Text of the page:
`The virtual memory of\/ \MMIX\ is an array M of $2^{64}$ bytes. If $k$ is any`

`unsigned octabyte, M[$k$]~is a 1-byte quantity. \MMIX\ machines do not`

`actually have such vast memories, but programmers can act as if $2^{64}$ bytes`

`are indeed present, because \MMIX\ provides address translation mechanisms by`

`which an operating system can maintain this illusion.`

`We use the notation $\mm_{2^t}[k]$ to stand for a number consisting of`

`$2^t$~consecutive bytes starting at location~$k\land\nobreak(2^{64}-2^t)$.`

`(The notation $k\land(2^{64}-2^t)$ means that the least`

`significant $t$ bits of~$k$ are set to~0, and only the least 64~bits`

`of the resulting address are retained. Similarly, the notation`

`$k\lor(2^t-1)$ means that the least significant $t$ bits of~$k$ are set to~1.)`

`All accesses to $2^t$-byte quantities by \MMIX\ are {\it aligned}, in the sense`

`that the first byte is a multiple of~$2^t$.`

`Addressing is always ``big-endian.'' In other words, the`

`@^big-endian versus little-endian@>`

`@^little-endian versus big-endian@>`

`most significant (leftmost) byte of $\mm_{2^t}[k]$ is`

`$\mm_1[k\land\nobreak(2^{64}-2^t)]$`

`and the least significant (rightmost) byte is $\mm_1[k\lor(2^t-1)]$.`

`We use the notation $\s(\mm_{2^t}[k])$ when we want to regard`

`this $2^t$-byte number as a {\it signed\/} integer.`

`Formally speaking, if $l=2^t$,`

`@^signed integers@>`

`$$\s(\mm_l[k])=\bigl(\mm_1[k\land(-l)]\,\mm_1[k\land(-l)+1]\,\ldots\,`

`\mm_1[k\lor(l-1)]\bigr)_{256}`

`-2^{8l}[\mm_1[k\land(-l)]\!\ge\!128].$$`

`@* Loading and storing.`

`Several instructions can be used to get information from memory into`

`registers. For example, the ``load tetra unsigned'' instruction`

`\.{LDTU} \.{\$1,\$4,\$5}`

`puts the four bytes $\mm_4[\$4+\$5]$ into register~1 as an unsigned`

`integer;`

`the most significant four bytes of register~1 are set to zero.`

`The similar instruction \.{LDT} \.{\$1,\$4,\$5}, ``load tetra,'' sets`

`\$1 to the {\it signed\/} integer $\s(\mm_4[\$4+\$5])$.`

`(Instructions generally treat numbers as`

`@^signed integers@>`

`signed unless the operation code specifically calls them`

`unsigned.) In the signed case, the most significant four bytes of the`

`register will be copies of the most significant bit of the tetrabyte`

`loaded; thus they will be all~0s or all~1s, depending on whether the`

`number is $\ge0$ or $<0$.`

`\def\bull{\smallbreak\textindent{$\bullet$}}`

`\def\bul{\par\textindent{$\bullet$}}`

`\def\<#1 #2 {\.{#1}~\.{#2} }`

`\def\>{\hfill\break}`

`\bull\<LDB \$X,\$Y,\0 `load byte'.\>`

`@.LDB@>`

`Byte $\s(\mm[\rY+\rZ])$ or $\s(\mm[\rY+\zz])$ is loaded into register~X as a`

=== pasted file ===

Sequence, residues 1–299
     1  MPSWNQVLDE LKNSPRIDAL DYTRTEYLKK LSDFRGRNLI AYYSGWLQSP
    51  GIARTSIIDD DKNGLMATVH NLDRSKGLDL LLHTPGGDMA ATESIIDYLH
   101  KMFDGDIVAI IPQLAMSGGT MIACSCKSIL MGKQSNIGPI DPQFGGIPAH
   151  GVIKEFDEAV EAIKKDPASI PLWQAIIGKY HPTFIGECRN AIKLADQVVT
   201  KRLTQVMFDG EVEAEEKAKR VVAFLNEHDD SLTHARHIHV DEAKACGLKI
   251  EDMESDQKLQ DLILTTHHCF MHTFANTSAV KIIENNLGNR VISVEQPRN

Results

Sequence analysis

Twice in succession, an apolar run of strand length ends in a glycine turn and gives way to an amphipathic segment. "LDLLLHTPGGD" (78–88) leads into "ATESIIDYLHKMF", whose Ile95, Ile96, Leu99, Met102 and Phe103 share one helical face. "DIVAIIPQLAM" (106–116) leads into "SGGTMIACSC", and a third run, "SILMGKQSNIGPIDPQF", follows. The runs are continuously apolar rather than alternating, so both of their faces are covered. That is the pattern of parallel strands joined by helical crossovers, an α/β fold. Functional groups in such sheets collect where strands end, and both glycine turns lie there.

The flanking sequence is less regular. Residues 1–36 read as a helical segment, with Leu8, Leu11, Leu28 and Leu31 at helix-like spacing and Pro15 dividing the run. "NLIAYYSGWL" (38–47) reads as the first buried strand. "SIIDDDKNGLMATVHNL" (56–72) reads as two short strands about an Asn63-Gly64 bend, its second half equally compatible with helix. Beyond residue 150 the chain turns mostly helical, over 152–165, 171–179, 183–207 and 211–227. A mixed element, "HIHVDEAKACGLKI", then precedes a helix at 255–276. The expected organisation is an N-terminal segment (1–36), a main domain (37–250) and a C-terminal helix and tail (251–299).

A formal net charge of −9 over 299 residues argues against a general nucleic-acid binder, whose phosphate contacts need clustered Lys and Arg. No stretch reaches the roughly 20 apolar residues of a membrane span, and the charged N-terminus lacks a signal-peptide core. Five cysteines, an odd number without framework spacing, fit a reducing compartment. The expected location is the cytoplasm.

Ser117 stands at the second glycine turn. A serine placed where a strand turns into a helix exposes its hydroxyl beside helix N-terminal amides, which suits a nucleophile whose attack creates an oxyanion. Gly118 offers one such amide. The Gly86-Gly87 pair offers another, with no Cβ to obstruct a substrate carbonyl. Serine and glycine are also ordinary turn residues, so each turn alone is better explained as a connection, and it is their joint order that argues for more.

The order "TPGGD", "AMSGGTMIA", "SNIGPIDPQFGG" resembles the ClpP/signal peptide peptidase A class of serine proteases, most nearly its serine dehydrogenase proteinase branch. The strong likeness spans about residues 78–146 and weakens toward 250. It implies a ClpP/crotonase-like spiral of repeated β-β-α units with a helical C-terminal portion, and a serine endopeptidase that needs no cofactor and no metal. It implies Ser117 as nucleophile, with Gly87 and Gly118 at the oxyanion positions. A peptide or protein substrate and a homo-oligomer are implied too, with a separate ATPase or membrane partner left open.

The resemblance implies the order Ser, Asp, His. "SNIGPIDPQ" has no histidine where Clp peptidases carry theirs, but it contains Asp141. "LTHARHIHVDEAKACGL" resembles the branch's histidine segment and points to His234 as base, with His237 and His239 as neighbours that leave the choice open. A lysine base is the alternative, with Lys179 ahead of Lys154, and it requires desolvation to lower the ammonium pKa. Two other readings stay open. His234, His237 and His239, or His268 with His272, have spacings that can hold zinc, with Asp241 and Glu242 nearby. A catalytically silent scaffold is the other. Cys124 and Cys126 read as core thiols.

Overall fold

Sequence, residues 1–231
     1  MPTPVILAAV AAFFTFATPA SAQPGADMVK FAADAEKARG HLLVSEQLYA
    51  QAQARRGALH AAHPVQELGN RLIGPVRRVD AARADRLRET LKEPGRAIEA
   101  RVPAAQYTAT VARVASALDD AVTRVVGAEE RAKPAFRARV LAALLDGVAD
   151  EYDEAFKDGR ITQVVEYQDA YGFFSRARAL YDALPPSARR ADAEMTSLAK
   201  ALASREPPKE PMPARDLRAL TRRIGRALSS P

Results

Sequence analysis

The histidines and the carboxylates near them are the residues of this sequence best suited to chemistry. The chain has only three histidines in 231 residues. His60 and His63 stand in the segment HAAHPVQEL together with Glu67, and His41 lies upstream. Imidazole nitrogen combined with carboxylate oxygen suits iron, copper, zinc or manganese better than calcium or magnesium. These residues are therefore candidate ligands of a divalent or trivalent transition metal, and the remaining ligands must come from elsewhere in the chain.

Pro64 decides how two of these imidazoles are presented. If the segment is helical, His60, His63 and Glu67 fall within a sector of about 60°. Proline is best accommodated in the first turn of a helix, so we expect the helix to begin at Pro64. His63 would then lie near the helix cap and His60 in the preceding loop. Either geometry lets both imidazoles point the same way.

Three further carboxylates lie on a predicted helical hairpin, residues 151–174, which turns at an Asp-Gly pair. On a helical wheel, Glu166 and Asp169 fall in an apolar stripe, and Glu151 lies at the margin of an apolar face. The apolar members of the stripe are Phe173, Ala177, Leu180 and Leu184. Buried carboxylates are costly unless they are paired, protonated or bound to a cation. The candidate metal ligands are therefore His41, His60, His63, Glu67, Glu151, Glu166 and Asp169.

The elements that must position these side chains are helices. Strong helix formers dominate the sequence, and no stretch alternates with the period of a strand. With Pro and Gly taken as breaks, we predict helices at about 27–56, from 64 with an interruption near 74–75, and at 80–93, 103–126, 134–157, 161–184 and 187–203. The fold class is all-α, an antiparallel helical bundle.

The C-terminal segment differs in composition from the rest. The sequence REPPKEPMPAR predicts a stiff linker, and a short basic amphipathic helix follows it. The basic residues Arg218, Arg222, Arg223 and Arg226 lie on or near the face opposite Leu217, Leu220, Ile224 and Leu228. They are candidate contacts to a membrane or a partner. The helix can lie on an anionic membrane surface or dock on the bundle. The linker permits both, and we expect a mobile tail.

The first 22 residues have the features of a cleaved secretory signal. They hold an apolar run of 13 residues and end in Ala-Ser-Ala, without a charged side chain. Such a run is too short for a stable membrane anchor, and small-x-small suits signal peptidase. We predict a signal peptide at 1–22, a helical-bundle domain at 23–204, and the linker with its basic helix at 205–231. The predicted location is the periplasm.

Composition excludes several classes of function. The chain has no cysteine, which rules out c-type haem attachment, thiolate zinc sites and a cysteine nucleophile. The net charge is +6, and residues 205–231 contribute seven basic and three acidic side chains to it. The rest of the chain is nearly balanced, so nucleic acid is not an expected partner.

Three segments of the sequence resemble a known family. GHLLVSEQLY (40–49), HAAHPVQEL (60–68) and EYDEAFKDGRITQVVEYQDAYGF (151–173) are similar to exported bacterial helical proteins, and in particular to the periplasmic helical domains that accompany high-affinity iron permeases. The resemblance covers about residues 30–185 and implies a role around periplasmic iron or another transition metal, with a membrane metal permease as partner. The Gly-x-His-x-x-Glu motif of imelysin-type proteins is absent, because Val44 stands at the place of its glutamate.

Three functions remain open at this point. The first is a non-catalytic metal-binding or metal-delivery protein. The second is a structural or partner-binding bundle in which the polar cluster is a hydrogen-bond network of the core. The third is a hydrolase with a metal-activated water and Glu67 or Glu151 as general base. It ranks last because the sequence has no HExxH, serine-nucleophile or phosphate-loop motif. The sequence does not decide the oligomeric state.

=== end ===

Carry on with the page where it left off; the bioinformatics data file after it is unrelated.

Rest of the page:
`signed number between $-128$ and $+127$, inclusive.`

`\bull\<LDBU \$X,\$Y,\0 `load byte unsigned'.@>`

`@.LDBU@>`

`Byte $\mm[\rY+\rZ]$ or $\mm[\rY+\zz]$ is loaded into register~X as an`

`unsigned number between $0$ and $255$, inclusive.`

`\bull\<LDW \$X,\$Y,\0 `load wyde'.\>`

`@.LDW@>`

`Bytes $\s(\mm_2[\rY+\rZ])$ or $\s(\mm_2[\rY+\zz])$`

`are loaded into register~X as a signed number between $-32768$ and $+32767$,`

`inclusive. As mentioned above, our notation $\mm_2[k]$ implies that`

`the least significant bit of the address $\rY+\rZ$ or $\rY+\zz$ is`

`ignored and assumed to be~0.`

`\bull\<LDWU \$X,\$Y,\0 `load wyde unsigned'.@>`

`@.LDWU@>`

`Bytes $\mm_2[\rY+\rZ]$ or $\mm_2[\rY+\zz]$ are loaded`

`into register~X as an unsigned number between $0$ and $65535$, inclusive.`

`\bull\<LDT \$X,\$Y,\0 `load tetra'.\>`

`@.LDT@>`

`Bytes $\s(\mm_4[\rY+\rZ])$ or $\s(\mm_4[\rY+\zz])$`

`are loaded into register~X as a signed number between $-2{,}147{,}483{,}648$ and`

`$+2{,}147{,}483{,}647$, inclusive.`

`As mentioned above, our notation $\mm_4[k]$ implies that`

`the two least significant bits of the address $\rY+\rZ$ or $\rY+\zz$ are`

`ignored and assumed to be~0.`

`\bull\<LDTU \$X,\$Y,\0 `load tetra unsigned'.\>`

`@.LDTU@>`

`Bytes $\mm_4[\rY+\rZ]$ or $\mm_4[\rY+\zz]$`

`are loaded into register~X as an unsigned number between 0 and`

`4{,}294{,}967{,}296, inclusive.`

`\bull\<LDO \$X,\$Y,\0 `load octa'.\>`

`@.LDO@>`

`Bytes $\mm_8[\rY+\rZ]$ or $\mm_8[\rY+\zz]$ are loaded into`

`register~X\null.`

`As mentioned above, our notation $\mm_8[k]$ implies that`

`the three least significant bits of the address $\rY+\rZ$ or $\rY+\zz$ are`

`ignored and assumed to be~0.`

`\bull\<LDOU \$X,\$Y,\0 `load octa unsigned'.\>`

`@.LDOU@>`

`Bytes $\mm_8[\rY+\rZ]$ or $\mm_8[\rY+\zz]$ are loaded into`

`register~X\null. There is in fact no difference between the behavior of`

`\.{LDOU} and~\.{LDO}, since`

`an octabyte can be regarded as either signed or unsigned. \.{LDOU} is included`

`in \MMIX\ just for completeness and consistency, in spite of the fact that`

`a foolish consistency is the hobgoblin of little minds.`

`@^Emerson, Ralph Waldo@>`

`(Niklaus Wirth made a strong plea for such consistency in his early critique`

`of System/360; see {\sl JACM\/ \bf15} (1967), 37--74.)`

`@^Wirth, Niklaus Emil@>`

`@^System/360@>`

`\bull\<LDHT \$X,\$Y,\0 `load high tetra'.\>`

`@.LDHT@>`

`Bytes $\mm_4[\rY+\rZ]$ or $\mm_4[\rY+\zz]$ are loaded into the most`

`significant half of register~X, and the least significant half is`